Our blueberries are winding down, but Bev still picked about a quart from the last bearing bush and our neighbors had been to the local peach orchard and brought us a bag full. When I say local orchard, I can see it from my front porch in the winter.
I’ve seen many peach and blueberry desserts over the years and Bev has one she occasionally makes, so I knew they went well together. I decided they would go equally well in cereal for breakfast and sure enough they did. We’re trying to eat a little healthier.
After breakfast it was on to tomato juice making for the first time this year. Check out last years post for our set up. If you like tomato juice and you’ve never had homemade, you better not try it unless you plan to continue making it, because you may never be able to drink the store bought stuff again. A glass of cold homemade juice with a squeeze of lemon and a couple of grinds of black pepper (ours is already salted) is a great way to start the day.
We use it for drinking, soups, tomato sauces, etc. We’ve tried making it into a finished product (eg – pasta sauce, vegetable soup, etc) and canning, but find we’re better off making the finished product at time of need, especially since we’re retired and usually have plenty of time to make it then. I like to do 50+ quarts of juice and 25+ quarts of tomatoes, but don’t know if we’ll have enough this year. We’ll use ours for juice first, as the better brands of store bought canned tomatoes are about as good as home canned for cooking. Here they are cooked and ready to juice.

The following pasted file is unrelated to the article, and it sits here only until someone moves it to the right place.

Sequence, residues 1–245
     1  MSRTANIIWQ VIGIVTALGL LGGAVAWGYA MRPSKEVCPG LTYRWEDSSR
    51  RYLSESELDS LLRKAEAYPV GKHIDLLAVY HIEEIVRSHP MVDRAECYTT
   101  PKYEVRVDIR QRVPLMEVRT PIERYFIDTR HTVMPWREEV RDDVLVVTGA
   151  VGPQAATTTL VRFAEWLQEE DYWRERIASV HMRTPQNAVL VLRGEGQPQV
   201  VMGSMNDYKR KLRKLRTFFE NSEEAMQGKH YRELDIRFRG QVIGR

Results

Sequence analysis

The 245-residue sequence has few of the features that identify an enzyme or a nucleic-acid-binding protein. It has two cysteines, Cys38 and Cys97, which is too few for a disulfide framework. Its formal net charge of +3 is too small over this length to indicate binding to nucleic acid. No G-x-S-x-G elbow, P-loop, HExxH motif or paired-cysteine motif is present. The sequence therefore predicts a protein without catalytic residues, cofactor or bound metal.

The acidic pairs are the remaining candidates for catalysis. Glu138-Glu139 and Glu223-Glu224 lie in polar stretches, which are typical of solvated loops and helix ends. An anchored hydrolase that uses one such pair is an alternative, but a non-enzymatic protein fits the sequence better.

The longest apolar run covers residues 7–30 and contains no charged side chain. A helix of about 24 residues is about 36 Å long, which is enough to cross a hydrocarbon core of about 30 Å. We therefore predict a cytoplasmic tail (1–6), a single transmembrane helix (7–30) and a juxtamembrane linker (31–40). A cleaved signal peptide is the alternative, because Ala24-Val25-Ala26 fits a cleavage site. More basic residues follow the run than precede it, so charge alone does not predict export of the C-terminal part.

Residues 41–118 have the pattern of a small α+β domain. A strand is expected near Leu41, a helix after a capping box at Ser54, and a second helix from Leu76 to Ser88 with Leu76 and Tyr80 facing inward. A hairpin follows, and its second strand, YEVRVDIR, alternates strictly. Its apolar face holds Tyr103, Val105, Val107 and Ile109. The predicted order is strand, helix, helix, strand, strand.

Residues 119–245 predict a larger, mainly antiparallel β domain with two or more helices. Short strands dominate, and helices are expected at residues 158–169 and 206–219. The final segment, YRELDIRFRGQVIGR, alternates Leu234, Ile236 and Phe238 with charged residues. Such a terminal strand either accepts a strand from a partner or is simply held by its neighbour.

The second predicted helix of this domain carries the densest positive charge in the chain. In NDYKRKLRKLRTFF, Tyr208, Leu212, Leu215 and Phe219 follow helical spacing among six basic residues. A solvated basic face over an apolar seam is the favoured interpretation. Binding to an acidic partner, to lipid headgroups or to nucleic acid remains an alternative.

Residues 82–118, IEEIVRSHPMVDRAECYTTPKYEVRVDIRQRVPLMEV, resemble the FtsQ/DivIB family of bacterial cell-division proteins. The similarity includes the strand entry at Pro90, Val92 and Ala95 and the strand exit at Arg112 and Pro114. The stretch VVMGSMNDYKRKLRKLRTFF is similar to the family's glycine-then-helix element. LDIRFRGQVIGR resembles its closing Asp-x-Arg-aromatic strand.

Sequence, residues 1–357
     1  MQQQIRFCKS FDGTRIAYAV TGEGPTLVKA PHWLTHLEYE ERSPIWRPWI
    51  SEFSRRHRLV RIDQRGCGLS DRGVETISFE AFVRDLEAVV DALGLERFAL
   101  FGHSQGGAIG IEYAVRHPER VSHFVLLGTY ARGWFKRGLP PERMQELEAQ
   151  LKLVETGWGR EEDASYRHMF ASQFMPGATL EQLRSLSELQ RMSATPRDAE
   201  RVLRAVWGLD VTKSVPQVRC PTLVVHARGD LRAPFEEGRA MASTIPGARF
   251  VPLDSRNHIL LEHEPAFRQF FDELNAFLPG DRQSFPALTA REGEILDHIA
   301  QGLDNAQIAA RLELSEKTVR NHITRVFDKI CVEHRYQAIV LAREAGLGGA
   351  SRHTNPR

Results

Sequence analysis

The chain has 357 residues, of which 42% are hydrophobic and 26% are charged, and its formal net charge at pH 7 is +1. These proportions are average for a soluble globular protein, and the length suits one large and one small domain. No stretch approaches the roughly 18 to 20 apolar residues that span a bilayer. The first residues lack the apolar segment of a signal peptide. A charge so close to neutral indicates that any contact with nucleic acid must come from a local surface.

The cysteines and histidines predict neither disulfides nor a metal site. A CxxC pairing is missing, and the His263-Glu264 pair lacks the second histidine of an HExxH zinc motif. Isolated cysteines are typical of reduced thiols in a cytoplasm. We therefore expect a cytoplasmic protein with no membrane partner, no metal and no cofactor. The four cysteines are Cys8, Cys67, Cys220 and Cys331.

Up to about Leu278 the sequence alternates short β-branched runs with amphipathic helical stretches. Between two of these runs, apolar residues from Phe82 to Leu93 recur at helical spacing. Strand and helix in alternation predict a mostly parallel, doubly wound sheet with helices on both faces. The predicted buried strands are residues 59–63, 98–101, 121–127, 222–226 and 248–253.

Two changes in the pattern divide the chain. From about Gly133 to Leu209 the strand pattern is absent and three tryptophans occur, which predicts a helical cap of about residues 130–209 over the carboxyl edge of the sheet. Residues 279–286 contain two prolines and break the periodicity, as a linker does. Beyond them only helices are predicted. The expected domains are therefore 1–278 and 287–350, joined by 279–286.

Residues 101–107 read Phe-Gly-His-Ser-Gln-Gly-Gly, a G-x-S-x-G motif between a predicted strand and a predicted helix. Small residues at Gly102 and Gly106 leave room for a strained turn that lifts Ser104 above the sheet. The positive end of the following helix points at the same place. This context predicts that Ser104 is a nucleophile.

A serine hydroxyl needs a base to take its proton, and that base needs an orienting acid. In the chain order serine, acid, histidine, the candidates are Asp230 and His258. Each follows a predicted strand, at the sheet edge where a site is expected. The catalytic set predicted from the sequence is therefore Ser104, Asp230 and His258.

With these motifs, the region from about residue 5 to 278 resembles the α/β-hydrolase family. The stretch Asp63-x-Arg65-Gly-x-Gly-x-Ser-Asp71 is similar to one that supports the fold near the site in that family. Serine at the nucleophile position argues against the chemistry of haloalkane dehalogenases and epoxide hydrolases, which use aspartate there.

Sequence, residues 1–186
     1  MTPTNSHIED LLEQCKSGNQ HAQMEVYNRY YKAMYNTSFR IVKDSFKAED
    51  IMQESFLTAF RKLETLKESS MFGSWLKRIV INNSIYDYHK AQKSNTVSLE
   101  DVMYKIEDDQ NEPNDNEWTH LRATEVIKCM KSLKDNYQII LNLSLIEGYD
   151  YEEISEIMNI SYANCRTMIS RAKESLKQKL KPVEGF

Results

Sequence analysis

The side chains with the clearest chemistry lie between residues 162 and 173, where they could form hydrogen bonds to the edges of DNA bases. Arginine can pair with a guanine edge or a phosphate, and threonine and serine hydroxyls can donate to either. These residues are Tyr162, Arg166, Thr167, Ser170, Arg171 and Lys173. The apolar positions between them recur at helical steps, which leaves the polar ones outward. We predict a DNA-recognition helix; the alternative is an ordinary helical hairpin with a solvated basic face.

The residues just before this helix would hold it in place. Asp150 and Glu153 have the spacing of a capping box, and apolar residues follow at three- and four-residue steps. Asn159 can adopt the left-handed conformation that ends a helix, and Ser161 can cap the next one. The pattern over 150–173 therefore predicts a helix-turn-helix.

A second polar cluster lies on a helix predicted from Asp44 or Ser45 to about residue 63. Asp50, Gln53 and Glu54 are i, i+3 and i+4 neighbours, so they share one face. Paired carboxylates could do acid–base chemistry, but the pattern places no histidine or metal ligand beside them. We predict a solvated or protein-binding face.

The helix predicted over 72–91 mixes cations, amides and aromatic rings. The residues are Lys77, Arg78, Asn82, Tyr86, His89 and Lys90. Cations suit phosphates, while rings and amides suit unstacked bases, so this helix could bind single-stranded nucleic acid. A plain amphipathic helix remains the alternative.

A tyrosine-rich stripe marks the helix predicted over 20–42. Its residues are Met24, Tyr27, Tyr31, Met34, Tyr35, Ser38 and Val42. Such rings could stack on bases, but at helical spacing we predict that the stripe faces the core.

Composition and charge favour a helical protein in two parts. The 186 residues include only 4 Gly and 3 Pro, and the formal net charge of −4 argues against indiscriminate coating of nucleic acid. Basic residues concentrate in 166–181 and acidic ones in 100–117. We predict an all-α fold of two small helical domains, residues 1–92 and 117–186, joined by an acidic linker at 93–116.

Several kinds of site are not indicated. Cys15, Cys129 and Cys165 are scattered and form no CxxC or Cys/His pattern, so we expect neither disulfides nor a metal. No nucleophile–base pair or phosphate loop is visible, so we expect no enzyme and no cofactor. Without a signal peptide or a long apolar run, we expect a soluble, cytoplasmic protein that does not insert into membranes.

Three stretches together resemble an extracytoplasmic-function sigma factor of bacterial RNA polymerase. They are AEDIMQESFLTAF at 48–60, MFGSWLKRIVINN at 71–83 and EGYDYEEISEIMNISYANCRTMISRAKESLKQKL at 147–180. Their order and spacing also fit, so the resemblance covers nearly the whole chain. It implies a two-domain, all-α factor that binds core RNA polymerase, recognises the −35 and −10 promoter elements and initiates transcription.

A canner full is 7 quarts and we find we enjoy the process more by doing it in 7 quart batches verses an all day can-a-thon – our one draw back is we have to clean up the mess a dozen times instead of just once. Here’s the juicing process underway – modern food mills may work better, but this is the way Dad and grandma did it (using this same equipment), so I just have to continue the tradition.
Into the jars it goes. I'm not positive, but I'm guessing Campbell has a little more automated process than this.
The canner. Maintain 12# for 10 minutes.
The finished juice ready for storage.
Starting from ripe tomatoes sitting in our kitchen, it took one person about 2 ½ hours to produce the 7 quarts (tomato prep, cook, juice, can, clean up as you go) – but you can read the paper during the hour they are cooking. I’ve found the book “Keeping The Harvest” by Nancy Chioffi & Gretchen Mead to be a very helpful how-to book for food preservation. If you decide to do some canning, I highly recommend a pressure canner because it is much faster and gets the food to 240* verses 212* in a water bath canner. This higher temp ensures all of the little bad things will be killed. It does require you to stay with it for about 25 minutes, whereas you can do water bath canning from your easy chair.
Have a great day and thanks for stopping by.